John Libbey Eurotext

Sang Thrombose Vaisseaux


Post-endarteriectomy carotid artery stenosis Volume 23, issue 10, Décembre 2011

Hôpital Ambroise Paré, service de chirurgie vasculaire, 9 avenue Charles de Gaulle, 92104 Boulogne Cedex, France ; Faculté de Médecine Paris-Ile de France-Ouest, Université Versailles Saint Quentin en Yvelines, France, Hôpital Bichat-Claude Bernard, service de chirurgie vasculaire et thoracique, Paris, France, Hôpital de la Pitié-Salpêtrière, service de chirurgie vasculaire, Paris, France
  • Key words: Recurrent carotid stenosis, endarteriectomy, conventional surgery, endovascular therapy
  • DOI : 10.1684/stv.2011.0656
  • Page(s) : 529-38
  • Published in: 2011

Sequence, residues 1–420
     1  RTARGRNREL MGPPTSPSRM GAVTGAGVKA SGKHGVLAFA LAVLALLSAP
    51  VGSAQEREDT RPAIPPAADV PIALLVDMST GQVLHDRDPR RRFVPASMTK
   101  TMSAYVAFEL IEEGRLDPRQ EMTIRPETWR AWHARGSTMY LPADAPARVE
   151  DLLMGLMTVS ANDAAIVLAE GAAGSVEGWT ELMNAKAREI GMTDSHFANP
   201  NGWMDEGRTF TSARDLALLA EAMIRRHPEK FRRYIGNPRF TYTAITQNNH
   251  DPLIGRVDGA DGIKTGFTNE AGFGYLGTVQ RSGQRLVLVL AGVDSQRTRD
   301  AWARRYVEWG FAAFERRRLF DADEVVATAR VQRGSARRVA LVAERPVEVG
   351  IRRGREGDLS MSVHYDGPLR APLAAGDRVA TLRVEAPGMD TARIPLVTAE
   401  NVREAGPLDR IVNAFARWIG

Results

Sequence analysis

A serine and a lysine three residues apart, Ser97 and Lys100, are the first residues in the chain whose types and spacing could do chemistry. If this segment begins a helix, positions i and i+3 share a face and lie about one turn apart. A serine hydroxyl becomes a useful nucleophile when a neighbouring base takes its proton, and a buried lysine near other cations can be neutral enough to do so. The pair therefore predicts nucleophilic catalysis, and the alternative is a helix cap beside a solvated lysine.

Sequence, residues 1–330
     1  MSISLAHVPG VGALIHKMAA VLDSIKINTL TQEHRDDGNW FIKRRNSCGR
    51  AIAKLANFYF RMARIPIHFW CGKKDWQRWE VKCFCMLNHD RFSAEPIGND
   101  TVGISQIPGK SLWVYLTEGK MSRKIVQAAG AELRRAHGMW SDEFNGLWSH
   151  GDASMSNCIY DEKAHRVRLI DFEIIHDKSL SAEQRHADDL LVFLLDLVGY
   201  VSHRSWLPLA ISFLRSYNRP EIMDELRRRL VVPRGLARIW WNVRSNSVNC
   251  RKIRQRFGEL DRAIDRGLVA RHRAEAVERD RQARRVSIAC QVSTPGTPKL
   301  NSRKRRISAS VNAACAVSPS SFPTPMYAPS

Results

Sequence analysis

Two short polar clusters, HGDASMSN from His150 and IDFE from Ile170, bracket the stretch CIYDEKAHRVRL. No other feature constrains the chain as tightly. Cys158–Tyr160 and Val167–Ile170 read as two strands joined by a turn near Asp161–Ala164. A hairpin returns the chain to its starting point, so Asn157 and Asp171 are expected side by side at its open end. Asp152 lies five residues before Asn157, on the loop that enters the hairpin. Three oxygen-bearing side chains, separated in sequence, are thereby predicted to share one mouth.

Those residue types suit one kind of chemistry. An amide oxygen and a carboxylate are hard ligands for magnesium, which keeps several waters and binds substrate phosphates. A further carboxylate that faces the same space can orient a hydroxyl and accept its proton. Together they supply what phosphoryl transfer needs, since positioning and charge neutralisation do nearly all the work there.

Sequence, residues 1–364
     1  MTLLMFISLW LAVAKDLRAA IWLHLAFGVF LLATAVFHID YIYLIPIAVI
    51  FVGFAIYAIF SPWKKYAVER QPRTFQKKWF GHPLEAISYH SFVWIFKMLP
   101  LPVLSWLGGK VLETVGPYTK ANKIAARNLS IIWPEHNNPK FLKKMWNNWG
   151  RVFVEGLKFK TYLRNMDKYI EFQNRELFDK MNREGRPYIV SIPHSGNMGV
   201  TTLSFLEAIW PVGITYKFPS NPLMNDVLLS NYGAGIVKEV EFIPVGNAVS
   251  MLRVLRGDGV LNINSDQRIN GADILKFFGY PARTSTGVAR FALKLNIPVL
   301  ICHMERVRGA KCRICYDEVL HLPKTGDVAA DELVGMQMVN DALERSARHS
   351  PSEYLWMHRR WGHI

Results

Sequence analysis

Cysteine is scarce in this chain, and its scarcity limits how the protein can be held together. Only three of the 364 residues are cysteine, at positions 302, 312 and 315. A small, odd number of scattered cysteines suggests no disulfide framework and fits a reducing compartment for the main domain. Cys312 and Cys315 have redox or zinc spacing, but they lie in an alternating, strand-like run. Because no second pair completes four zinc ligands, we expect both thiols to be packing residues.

Since the early 1990's, carotid endarteriectomy (CEA) has been demonstrated to be the best option to prevent stroke in cases of symptomatic and asymptomatic significant carotid stenosis. Despite excellent early results, recurrent carotid stenosis (RCS) remains a major concern during follow-up mandating long term duplex scan surveillance. RCS are usually classified as follows: immediate RCS due to a technical issue, early RCS (<18-24 months after CEA) secondary to myointimal hyperplasia, and late RCS (>18-24 months after CEA) due to atherosclerosis recurrence. Although the natural history of RCS is not well known, there is a current consensus to intervene in case of symptomatic RCS>50% and asymptomatic RCS > 80%. The optimal strategy between open surgery and endovascular therapy has not been determined due to the lack of randomized trials. Open surgery is the more durable option but it carries an increased local morbidity. This article reviews the etiologies, the diagnosis and the treatment of RCS in 2011.